The current draft followed a tumultuous process, with the 100-member Constituent Assembly witnessing numerous withdrawals by liberal, leftist and church representatives in objection to what they call the Islamist control over the constitution writing process.
Mursi received the final draft from the Assembly on Saturday, following a marathon session that started on Thursday, whereby all articles of the Constitution were approved by most remaining members of the committee. The president vowed to resign if the Constitution is not endorsed through the planned referendum.
In a televised address, Mursi thanked the Constituent Assembly. He praised the fact that it is the first democratically elected assembly in the country’s modern history. ‘We appreciate the efforts of previous constitution-writing committees, but all of these were appointed by royal or presidential decrees.’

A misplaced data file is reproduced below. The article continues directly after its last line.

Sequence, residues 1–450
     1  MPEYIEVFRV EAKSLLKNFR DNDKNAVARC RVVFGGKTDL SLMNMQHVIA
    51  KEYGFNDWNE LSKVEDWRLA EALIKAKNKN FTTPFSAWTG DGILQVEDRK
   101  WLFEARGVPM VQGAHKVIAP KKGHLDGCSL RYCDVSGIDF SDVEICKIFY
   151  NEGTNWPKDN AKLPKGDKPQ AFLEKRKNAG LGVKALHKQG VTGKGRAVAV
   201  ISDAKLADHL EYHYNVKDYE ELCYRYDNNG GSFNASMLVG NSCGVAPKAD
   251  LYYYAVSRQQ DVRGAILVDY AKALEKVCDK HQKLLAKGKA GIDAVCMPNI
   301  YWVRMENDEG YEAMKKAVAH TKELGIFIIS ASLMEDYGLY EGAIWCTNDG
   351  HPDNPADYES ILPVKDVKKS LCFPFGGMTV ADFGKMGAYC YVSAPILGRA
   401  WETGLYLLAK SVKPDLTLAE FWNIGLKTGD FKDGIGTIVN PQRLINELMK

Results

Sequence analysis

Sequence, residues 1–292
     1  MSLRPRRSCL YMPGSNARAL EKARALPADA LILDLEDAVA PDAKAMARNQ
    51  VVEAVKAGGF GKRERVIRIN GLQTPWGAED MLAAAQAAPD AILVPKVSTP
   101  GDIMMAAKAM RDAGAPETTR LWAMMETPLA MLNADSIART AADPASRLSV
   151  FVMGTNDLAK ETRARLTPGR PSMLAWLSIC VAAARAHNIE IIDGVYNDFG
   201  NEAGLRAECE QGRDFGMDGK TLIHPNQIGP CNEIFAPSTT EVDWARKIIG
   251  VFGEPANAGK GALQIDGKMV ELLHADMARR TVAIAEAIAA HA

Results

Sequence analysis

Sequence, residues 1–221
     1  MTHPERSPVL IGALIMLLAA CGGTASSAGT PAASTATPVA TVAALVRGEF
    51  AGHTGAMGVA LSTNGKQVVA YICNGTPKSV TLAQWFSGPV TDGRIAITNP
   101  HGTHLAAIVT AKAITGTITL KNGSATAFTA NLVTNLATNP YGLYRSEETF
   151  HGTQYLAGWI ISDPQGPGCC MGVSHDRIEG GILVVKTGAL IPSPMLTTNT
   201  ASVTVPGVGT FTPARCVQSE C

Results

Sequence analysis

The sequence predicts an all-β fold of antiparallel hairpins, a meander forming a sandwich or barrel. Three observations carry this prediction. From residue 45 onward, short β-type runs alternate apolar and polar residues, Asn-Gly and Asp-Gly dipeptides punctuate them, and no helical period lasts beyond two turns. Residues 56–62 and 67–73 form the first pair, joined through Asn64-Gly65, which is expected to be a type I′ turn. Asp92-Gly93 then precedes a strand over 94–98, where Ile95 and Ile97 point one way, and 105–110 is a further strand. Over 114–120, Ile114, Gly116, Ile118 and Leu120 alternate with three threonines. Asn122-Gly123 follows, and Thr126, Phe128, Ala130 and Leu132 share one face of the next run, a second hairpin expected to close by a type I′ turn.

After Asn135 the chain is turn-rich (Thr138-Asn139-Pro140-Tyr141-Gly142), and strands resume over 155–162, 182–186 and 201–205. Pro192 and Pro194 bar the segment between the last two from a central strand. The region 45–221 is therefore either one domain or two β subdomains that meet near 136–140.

Morsy said that the will of the people has prevailed since the March 2011 constitutional declaration and throughout the parliamentary and presidential elections that followed.
A ‘yes’ vote on the March 2011 referendum on a constitutional declaration issued by the then-ruling military council meant that parliamentary elections precede the writing of the constitution and that the draft would be conceived by a committee chosen by elected MPs. This was the preferred choice of Islamist forces who foresaw their success in the parliamentary elections.
The current draft is criticized for several limitations, particularly with regards to freedoms.